Matt Yglesias sez:
“The genius of the real private economy is that firms that are really poorly run go out of business. It’s not that some magic private sector fairy dust makes the firms all be runs soundly. Lots of bad businesses are out there. But they tend to lose money and close. Meanwhile, well-run firms tend to earn profits and expand. The public sector doesn’t have this feature. Just because a public agency is inept is no guarantee that it will go out of business. Resources are allocating according to political clout rather than any criteria of merit. It’s a problem. But it’s not a problem that “privatizing” public services actually solves. There’s no magic private sector fairy dust.”
You’d think this would be obvious, but to a lot of people, it’s not. I don’t know whether this is because people think especially little of the government, or simply don’t have enough private business experience to realize how badly a lot of them are actually run (and how many of them fail).
(via Andrew Sullivan.)
These days, it feels like there’s a fine line between extremely American things that are depressing, and extremely American things that are totally awesome. Nonetheless, this is absolutely one of the latter.
Take it from me, rest of the world — you’d love us, if you just got to know us.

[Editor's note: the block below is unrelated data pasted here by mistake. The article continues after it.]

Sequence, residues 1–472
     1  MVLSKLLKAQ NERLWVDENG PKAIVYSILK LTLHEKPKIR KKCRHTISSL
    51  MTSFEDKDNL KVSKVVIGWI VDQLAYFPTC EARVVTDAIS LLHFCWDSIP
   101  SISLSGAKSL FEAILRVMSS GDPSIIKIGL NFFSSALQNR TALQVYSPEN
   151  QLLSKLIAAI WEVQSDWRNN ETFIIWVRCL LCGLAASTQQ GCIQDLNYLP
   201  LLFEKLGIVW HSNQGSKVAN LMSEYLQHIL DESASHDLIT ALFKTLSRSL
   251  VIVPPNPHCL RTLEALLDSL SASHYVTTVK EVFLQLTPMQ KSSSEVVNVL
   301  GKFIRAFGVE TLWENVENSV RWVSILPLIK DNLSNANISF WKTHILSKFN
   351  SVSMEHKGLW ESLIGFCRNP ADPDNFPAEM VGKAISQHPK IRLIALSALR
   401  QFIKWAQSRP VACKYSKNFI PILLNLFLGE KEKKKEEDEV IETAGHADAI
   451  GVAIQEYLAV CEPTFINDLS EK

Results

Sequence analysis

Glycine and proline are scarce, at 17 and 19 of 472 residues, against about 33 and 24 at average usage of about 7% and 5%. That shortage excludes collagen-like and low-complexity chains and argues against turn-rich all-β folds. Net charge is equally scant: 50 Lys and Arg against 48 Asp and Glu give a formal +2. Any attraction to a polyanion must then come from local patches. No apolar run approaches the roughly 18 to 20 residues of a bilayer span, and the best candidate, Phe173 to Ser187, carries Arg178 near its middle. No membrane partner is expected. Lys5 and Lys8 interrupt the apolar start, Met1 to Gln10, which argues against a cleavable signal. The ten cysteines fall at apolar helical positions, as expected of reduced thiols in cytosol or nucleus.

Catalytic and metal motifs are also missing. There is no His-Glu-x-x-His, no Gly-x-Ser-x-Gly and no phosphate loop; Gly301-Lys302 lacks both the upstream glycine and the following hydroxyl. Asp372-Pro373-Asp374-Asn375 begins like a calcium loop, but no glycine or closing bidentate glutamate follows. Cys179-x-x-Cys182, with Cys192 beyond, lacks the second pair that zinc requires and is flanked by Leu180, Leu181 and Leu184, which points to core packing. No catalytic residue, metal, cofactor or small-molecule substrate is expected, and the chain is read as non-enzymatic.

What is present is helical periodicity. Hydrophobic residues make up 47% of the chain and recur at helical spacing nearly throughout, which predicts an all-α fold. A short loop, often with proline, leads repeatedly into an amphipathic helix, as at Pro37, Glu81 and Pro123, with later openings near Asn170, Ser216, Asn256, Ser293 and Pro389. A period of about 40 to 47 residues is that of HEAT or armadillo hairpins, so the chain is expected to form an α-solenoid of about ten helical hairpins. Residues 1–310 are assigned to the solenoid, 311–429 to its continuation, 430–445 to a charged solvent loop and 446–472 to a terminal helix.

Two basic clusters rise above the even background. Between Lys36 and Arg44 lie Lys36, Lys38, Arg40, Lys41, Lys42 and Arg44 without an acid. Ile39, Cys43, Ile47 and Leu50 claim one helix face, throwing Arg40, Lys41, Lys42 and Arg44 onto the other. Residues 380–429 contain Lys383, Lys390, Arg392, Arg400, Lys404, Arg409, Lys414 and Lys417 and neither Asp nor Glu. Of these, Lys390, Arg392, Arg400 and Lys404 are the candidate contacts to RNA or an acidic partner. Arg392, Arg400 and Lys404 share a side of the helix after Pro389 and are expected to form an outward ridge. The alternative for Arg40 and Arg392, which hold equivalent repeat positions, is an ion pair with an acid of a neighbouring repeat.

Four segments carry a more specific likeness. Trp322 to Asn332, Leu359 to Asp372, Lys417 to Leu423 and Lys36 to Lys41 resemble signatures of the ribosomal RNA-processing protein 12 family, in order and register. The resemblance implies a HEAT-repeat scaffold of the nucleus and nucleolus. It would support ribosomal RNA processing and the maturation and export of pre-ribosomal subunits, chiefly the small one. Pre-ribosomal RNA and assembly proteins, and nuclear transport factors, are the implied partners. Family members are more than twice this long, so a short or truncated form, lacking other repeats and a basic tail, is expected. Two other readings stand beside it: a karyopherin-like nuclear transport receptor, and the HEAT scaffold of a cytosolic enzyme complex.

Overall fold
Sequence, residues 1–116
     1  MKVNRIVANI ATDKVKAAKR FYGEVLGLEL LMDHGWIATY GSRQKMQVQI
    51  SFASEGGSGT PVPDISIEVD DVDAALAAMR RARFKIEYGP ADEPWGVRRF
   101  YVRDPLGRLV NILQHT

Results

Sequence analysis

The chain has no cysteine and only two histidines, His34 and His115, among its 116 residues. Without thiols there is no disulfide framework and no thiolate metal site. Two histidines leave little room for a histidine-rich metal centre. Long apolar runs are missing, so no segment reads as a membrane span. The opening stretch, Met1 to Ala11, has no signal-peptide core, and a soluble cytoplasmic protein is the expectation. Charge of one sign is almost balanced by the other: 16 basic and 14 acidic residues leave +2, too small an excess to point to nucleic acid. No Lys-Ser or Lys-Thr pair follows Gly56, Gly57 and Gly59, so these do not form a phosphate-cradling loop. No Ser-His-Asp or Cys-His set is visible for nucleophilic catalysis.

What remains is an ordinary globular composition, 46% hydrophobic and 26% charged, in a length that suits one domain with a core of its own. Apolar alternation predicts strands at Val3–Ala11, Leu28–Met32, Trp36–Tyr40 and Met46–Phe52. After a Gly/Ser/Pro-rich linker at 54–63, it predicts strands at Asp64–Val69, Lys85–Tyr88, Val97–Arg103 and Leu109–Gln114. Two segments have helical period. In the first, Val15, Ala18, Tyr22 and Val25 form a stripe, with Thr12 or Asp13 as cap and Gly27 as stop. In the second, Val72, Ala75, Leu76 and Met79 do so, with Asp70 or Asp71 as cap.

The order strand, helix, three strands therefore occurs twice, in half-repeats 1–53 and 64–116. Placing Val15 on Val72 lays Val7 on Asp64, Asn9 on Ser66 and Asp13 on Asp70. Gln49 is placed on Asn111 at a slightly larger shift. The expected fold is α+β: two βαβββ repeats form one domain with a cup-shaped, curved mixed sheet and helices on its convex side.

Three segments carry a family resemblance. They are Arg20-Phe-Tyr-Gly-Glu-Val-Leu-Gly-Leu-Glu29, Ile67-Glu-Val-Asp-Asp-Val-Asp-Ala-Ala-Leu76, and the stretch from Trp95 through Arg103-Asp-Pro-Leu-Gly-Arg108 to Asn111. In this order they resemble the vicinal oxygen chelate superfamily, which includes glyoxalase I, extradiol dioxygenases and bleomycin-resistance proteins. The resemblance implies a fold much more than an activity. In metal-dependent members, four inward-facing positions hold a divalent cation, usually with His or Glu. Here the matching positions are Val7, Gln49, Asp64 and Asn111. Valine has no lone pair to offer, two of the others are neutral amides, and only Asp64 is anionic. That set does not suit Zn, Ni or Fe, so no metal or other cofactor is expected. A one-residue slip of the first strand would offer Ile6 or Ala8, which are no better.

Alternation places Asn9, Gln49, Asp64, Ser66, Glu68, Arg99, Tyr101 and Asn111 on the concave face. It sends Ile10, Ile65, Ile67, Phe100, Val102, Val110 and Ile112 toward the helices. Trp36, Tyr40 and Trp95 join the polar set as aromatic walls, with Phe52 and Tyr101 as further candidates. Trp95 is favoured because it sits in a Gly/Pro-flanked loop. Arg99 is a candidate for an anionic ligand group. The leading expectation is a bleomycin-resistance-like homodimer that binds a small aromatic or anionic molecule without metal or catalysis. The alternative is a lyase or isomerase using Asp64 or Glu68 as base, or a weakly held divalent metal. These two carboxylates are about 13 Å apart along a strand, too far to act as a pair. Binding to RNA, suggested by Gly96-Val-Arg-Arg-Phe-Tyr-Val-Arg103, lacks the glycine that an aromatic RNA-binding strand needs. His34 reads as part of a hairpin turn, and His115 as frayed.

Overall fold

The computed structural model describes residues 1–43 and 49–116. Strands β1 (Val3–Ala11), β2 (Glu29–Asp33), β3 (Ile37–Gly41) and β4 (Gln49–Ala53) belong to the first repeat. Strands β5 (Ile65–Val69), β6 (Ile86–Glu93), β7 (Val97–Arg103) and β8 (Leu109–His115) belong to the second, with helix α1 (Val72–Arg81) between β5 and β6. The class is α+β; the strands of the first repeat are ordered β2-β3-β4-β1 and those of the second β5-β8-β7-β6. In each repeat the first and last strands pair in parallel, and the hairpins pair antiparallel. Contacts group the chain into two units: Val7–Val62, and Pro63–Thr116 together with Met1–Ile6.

There are too many numbers for me to really go through this, so I can’t really make many empirical criticisms. But I live in exactly the kind of “high-tax, high cost of living” areas this article refers to (I mean, literally, one of the places they list), and this flies completely in the face of my everyday reality. My household makes well under half the threshold they’re discussing here, and we feel much, much better about our finances than we probably ever have before.
So where’s the disconnect? I can only think of a few things :
1. We don’t have any kids, which leads me to suspect this model assumes you are spending a crapload of money on two kids. Now, I’m not under the impression that kids are cheap, but I’m also well aware of the tendency for rich people to describe luxuries for their kids as absolute necessities. I mean, it’s a small line-item, but four thousand bucks for “after school activites/camp”? After school activity = pour yourself a bowl of cereal and watch cartoons. Done, and I just saved your four grand.